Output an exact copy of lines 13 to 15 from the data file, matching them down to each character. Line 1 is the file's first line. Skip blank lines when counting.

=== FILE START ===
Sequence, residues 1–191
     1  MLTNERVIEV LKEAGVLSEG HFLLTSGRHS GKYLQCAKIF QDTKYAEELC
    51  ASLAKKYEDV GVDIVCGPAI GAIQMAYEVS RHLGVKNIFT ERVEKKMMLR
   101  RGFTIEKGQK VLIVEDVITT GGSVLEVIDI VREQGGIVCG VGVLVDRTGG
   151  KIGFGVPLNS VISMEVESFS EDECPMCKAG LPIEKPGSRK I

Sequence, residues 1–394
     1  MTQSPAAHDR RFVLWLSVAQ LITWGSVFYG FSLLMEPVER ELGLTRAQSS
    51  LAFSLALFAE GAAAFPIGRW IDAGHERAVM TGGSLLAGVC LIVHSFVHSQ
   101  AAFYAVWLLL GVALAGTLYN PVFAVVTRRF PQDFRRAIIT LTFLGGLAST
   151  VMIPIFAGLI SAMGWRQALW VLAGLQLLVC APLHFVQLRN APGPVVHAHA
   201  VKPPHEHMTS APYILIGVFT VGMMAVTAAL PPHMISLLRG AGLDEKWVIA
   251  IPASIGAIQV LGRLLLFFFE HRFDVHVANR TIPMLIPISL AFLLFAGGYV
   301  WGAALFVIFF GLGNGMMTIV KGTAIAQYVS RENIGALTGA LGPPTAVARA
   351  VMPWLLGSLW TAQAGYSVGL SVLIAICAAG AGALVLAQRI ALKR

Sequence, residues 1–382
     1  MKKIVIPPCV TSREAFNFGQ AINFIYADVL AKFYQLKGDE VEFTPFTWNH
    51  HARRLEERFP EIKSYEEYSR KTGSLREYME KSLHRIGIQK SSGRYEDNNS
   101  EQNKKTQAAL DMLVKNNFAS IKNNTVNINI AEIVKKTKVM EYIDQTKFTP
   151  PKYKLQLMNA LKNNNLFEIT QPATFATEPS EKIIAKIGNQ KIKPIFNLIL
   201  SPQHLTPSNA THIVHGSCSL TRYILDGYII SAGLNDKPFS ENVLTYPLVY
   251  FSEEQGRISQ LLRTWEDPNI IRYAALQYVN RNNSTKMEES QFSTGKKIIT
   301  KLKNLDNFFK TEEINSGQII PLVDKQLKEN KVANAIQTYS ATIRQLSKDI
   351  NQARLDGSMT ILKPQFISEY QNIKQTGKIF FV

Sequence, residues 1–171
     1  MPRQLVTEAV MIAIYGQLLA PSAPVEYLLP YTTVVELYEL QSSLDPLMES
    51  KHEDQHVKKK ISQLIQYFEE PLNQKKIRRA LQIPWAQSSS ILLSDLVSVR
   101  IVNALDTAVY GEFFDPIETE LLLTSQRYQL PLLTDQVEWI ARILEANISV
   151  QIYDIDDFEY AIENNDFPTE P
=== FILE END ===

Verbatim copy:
   301  WGAALFVIFF GLGNGMMTIV KGTAIAQYVS RENIGALTGA LGPPTAVARA
   351  VMPWLLGSLW TAQAGYSVGL SVLIAICAAG AGALVLAQRI ALKR

Sequence, residues 1–382